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Journal Article

Emerging category representation in the visual forebrain hierarchy of pigeons (Columba livia)

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Azizi, A., Pusch, R., Koenen, C., Klatt, S., Bröker, F., Thiele, S., et al. (2019). Emerging category representation in the visual forebrain hierarchy of pigeons (Columba livia). Behavioural Brain Research, 356, 423-434. doi:10.1016/j.bbr.2018.05.014.

Cite as: https://hdl.handle.net/21.11116/0000-0006-FC10-C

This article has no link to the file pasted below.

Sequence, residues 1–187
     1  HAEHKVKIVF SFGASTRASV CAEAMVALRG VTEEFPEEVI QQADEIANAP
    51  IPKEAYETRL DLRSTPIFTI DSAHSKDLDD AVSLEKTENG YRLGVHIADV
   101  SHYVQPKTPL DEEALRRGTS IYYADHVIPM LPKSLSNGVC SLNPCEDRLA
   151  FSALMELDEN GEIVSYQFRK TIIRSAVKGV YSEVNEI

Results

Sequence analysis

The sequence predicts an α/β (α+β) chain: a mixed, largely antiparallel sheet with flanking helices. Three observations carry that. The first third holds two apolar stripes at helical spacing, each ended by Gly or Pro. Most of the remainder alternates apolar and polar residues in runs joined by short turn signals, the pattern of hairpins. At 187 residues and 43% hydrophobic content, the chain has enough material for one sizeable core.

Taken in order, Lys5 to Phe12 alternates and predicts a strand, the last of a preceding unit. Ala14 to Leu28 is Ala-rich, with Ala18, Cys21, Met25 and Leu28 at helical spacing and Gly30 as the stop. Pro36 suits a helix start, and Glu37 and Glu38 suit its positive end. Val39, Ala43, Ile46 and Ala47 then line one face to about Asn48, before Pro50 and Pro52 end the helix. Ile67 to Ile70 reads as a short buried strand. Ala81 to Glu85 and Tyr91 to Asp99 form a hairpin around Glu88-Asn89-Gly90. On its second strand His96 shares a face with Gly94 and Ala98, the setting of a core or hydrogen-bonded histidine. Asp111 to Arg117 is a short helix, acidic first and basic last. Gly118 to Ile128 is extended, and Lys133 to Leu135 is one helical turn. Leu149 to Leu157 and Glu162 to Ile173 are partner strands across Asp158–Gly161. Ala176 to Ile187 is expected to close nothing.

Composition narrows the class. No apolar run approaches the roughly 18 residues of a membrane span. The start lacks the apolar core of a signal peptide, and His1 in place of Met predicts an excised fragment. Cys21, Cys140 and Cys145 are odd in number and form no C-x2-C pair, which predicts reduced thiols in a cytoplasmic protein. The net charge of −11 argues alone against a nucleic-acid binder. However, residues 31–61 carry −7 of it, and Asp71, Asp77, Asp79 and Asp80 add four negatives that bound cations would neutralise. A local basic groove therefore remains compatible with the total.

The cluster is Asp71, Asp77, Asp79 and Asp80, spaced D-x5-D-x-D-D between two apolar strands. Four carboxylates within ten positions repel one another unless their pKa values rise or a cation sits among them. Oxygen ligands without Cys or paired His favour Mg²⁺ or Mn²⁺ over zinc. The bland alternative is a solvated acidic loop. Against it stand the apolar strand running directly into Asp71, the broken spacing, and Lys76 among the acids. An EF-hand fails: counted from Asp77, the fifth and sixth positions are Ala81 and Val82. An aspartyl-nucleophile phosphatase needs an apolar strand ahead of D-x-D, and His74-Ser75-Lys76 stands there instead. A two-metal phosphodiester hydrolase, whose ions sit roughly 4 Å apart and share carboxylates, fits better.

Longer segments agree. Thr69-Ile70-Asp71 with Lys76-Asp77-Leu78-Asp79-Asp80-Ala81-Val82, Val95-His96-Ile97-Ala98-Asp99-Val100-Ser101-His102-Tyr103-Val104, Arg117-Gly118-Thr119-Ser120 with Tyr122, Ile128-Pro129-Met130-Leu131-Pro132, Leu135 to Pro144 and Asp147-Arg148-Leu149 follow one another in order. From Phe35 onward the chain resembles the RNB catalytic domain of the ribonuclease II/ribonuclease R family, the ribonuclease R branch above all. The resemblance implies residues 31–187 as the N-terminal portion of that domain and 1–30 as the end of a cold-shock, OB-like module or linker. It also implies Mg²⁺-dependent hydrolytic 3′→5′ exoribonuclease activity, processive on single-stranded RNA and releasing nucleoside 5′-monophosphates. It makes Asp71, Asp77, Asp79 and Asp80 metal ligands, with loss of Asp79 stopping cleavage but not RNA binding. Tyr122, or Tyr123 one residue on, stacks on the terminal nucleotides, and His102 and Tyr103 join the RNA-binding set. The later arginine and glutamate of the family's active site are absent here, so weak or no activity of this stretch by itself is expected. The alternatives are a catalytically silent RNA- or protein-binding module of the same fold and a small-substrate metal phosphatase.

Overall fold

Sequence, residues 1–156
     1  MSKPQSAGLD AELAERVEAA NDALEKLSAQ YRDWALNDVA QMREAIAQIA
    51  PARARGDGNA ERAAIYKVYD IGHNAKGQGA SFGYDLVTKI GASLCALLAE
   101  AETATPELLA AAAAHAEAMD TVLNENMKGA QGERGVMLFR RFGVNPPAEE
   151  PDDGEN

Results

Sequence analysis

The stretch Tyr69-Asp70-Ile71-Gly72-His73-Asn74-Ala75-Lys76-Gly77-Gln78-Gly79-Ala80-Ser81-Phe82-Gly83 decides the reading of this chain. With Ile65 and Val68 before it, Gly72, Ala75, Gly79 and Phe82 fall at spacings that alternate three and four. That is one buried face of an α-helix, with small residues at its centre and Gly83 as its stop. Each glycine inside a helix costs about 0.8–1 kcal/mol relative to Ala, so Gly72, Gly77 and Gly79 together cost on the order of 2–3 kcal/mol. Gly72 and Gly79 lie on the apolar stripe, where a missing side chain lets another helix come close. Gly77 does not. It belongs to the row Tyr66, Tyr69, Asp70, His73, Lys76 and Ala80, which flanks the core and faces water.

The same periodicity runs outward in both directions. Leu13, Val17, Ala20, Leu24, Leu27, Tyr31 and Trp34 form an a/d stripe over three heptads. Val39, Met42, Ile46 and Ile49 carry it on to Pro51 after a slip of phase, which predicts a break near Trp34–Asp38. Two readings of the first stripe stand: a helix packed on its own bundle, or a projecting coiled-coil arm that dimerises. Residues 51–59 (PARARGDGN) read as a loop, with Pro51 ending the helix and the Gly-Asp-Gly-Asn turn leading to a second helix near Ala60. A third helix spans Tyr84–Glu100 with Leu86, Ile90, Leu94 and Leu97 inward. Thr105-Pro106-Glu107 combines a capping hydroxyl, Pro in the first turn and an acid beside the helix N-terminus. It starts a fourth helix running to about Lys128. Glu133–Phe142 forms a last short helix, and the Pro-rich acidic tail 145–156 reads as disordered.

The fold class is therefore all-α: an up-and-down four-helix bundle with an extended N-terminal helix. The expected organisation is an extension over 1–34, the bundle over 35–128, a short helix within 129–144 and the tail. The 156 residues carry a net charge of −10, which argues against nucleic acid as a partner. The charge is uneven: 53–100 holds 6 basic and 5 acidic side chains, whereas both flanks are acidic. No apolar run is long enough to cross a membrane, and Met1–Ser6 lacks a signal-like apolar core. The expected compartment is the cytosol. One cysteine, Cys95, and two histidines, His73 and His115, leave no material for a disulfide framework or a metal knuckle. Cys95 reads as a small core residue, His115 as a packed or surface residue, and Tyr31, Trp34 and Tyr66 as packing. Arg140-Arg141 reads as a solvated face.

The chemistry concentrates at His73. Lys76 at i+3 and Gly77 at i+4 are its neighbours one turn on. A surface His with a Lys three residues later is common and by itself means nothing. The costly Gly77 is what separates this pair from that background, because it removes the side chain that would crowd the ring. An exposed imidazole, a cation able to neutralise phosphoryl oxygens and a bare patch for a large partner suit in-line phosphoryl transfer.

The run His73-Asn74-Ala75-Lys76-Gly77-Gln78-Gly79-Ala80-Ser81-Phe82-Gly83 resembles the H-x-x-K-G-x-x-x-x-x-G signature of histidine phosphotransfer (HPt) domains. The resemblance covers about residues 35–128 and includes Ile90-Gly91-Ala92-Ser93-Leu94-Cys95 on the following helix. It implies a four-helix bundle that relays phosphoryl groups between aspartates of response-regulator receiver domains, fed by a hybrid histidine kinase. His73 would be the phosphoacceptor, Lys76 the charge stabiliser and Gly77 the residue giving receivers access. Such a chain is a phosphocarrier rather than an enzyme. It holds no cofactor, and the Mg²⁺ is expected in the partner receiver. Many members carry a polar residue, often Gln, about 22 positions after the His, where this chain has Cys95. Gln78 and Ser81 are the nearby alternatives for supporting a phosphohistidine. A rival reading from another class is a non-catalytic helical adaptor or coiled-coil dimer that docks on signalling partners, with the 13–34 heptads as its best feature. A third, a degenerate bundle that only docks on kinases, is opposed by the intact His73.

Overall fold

Recognizing and categorizing visual stimuli are cognitive functions vital for survival, and an important feature of visual systems in primates as well as in birds. Visual stimuli are processed along the ventral visual pathway. At every stage in the hierarchy, neurons respond selectively to more complex features, transforming the population representation of the stimuli. It is therefore easier to read-out category information in higher visual areas. While explicit category representations have been observed in the primate brain, less is known on equivalent processes in the avian brain. Even though their brain anatomies are radically different, it has been hypothesized that visual object representations are comparable across mammals and birds. In the present study, we investigated category representations in the pigeon visual forebrain using recordings from single cells responding to photographs of real-world objects. Using a linear classifier, we found that the population activity in the visual associative area mesopallium ventrolaterale (MVL) distinguishes between animate and inanimate objects, although this distinction is not required by the task. By contrast, a population of cells in the entopallium, a region that is lower in the hierarchy of visual areas and that is related to the primate extrastriate cortex, lacked this information. A model that pools responses of simple cells, which function as edge detectors, can account for the animate vs. inanimate categorization in the MVL, but performance in the model is based on different features than in MVL. Therefore, processing in MVL cells is very likely more abstract than simple computations on the output of edge detectors.